> > is determining which problem is occurring in the first place. A 300
> > page PDF might seem like it's totally corrupt, but it could just be a
> parsing error.
> > Adjusting a tag here or there might fix the whole thing.
> >
> > If we look at this resource like a QA/QC system for the file format
> > itself, then we're tracking bugs on the process itself. Therefore
> > logically people would be raising issues on the process of remediating
> > the file format. At face value, everyone believes their problem is the
> > first time it's happened. Chances are it's happened before and people
> > just gave up before actually fixing it. Or worse, they fixed it and
> > didn't tell anyone because there wasn't a place to share that
> > information. Or even worse, posted it to StackExchange where it was
> > promptly closed as an unrelated question because all the answers tell
> > the original poster to Google the answer (which is how I usually find
> > out that others have the same question as me — because I Googled it).
> >
> > Treat this resource like an unauthorized bug tracking system for a
> > file format. The file format itself is an open standard, which means
> > that no single entity is responsible for making changes to it. A
> > community of remediation experts has as much right to make a claim
> > that the only way to make it accessible as a company like Microsoft or
> > Adobe does. When you raise an issue, raise it in the Issues section as
> > though it existed in the Code area already. I'll be the Editor of this
> > system, and be managed by the community who will decide I need to do
> > something. And when they aren't getting what they want, they can
> > branch this repo and make their own community of deviant PDF experts.
> > It could be like WHATWG, but hopefully less drama.
> >
> > Anyway, if you feel that a Wiki is the best place for this content,
> > that can be accomplished too. But I'm not a fan of that sort of
> > collaboration myself. I think Github could be a good place to track
> > the annoyances of working in this ridiculous file format for now.
> >
> > Hope this answers your question.
> >
> > Jon
> >
> > On Sun, Sep 10, 2017 at 5:47 PM Philip Kiff < <EMAIL REMOVED> > wrote:
> >
> > > I love the idea, Jon. I was looking for just such a resource when I
> > > started remediating PDFs in earnest over the past couple years, and
> > > would have loved to find an active, open community of PDF
> > > remediation professionals.
> > >
> > > I've given some thought to how such a community might develop, and
> > > Github isn't the first place that comes to mind - it seems like an
> > > unintuitive place to locate such a resource. I've used github for
> > > years, but I'm not even sure how you imagine someone will get
> > > started contributing - create an issue and then comment on it? Are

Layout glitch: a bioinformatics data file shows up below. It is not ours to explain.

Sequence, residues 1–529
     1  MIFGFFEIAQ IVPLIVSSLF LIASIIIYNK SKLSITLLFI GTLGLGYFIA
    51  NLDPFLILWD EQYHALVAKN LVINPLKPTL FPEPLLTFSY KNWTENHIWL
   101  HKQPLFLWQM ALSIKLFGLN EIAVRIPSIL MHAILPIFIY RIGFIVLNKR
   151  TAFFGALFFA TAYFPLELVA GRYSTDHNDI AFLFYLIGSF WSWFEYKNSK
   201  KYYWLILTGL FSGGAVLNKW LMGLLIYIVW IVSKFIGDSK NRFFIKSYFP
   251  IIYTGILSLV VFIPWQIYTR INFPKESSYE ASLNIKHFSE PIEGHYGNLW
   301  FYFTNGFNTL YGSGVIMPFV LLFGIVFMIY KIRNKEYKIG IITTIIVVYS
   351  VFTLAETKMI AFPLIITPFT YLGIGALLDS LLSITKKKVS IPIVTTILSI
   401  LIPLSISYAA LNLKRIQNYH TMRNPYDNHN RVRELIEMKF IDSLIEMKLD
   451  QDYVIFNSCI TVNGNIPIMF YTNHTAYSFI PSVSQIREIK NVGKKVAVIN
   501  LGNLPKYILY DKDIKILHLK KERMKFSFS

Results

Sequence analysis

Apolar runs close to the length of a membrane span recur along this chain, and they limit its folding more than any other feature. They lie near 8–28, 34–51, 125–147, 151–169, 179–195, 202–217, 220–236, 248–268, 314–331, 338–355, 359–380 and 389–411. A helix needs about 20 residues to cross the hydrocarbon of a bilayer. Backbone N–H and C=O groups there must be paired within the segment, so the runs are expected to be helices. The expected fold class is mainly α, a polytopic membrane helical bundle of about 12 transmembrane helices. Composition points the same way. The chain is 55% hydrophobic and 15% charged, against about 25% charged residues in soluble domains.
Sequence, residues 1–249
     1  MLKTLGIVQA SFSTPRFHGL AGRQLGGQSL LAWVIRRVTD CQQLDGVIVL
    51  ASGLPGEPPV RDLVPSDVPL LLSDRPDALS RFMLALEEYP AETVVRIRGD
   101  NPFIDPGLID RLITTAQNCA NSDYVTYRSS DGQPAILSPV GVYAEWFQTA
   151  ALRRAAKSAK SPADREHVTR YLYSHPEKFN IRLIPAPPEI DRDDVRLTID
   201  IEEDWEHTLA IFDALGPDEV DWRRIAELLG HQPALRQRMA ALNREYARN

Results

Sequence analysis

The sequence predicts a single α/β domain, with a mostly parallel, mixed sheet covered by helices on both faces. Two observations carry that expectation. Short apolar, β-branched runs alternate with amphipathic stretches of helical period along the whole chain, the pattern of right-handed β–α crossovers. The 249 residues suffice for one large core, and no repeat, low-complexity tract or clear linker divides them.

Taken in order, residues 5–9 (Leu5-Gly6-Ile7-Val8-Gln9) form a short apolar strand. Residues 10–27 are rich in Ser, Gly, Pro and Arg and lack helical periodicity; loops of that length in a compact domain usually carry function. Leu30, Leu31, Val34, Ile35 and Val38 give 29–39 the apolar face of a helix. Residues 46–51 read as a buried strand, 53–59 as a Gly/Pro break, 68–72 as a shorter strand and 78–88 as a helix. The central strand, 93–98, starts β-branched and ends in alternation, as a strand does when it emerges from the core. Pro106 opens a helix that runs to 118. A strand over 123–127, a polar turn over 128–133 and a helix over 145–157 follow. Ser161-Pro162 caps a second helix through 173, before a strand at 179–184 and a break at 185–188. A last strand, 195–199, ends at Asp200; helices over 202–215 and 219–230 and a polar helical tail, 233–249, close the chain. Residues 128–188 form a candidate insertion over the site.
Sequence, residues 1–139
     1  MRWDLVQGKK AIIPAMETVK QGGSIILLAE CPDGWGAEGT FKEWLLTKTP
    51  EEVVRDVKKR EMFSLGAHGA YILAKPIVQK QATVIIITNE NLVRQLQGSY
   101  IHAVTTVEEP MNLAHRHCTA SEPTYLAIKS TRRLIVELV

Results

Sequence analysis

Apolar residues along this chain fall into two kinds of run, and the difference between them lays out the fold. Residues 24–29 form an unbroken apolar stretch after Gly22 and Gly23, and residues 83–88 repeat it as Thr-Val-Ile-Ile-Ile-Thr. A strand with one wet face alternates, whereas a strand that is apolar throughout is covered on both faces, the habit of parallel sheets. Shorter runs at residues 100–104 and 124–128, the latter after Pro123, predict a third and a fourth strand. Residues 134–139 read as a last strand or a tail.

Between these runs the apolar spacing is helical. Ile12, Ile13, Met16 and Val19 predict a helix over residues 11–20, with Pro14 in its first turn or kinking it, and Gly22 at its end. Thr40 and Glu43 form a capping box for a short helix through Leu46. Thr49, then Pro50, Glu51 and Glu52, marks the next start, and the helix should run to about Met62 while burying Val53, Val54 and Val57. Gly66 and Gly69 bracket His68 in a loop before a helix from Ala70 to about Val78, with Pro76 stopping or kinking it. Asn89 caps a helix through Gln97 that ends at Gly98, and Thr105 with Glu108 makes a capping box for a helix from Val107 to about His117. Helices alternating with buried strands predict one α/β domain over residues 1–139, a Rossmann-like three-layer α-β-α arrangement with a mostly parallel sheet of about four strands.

> > > you looking for pull requests to your readme?
> > >
> > > If the eventual goal is to create a wiki, then why not create a wiki
> > > directly? Maybe I just haven't kept up on how different communities
> > > are using Github as a tool.
> > >
> > > Phil.
> > >
> > > On 2017-09-09 12:47 PM, Metzessible wrote:
> > > > Hi there,
> > > >
> > > > I got bored last night and started a new repo on my github to
> > > > provide a
> > > way
> > > > for people to help other people make more accessible PDFs. You can
> > > > find
> > > it
> > > > here (in it's beautiful, currently unpopulated state):
> > > >
> > > > https://github.com/metzessible/PDFHelpDesk
> > > >
> > > > I'm aware there's a lot of information out there on how to make
> > > > PDFs accessible, but the resources tend to vary on what's
> > > > important or
> > > relevant
> > > > in terms of document accessibility. It also seems like there's
> > > conflicting
> > > > information out there from experts on how to handle PDF in the
> > > > first
> > > place.
> > > > I'm also aware that many accessibility experts simply advise doing
> > > > something else instead. While that's great and all, PDFs are still
> > being
> > > > created resulting in a lot of terrible documents out there.
> > > >
> > > > Further, now that the ISO has released ISO 32000-2 (
> > > > https://www.pdfa.org/publication/iso-32000-2-pdf-2-0/), the
> > > > methods
> > > that we
> > > > use to tag PDFs are going to change eventually. This is bound to
> > > > cause
> > > more
> > > > confusion, frustration, and gnashing of teeth. My hope is to
> > > > create a helpful resource for people who perhaps help create a
> > > > consensus for
> > what
> > > an
> > > > accessible PDF is supposed to look like. It'll also be an
> > > > inevitable
> > > place
> > > > for me to post examples of things I come across in the wild and
> > > > how to
> > go
> > > > about fixing them.
> > > >
> > > > Hopefully this will become a decent place for those stuck
> > > > remediating documents with little to no guidance, since ignoring
> > > > it for so long
> > > hasn't
> > > > really made the problem of inaccessible PDFs go away. In any case,
> > > > hopefully I'll figure out how to actually use Github a bit better
> > > > to
> > make
> > > > the most of it. I'm open to suggestions, and apologies in advance
> > > > for
> > the
> > > > snark in the readme.
> > > >
> > > > Cheers,
> > > > Jon Metz
> > > > > > > > > > > > archives at http://webaim.org/discussion/archives
> > > > > > >
> > > > > > > > > archives at http://webaim.org/discussion/archives
> > > > > >
> > >
> > > > > > archives at http://webaim.org/discussion/archives
> > > >
> > > at http://webaim.org/discussion/archives
> > > > > >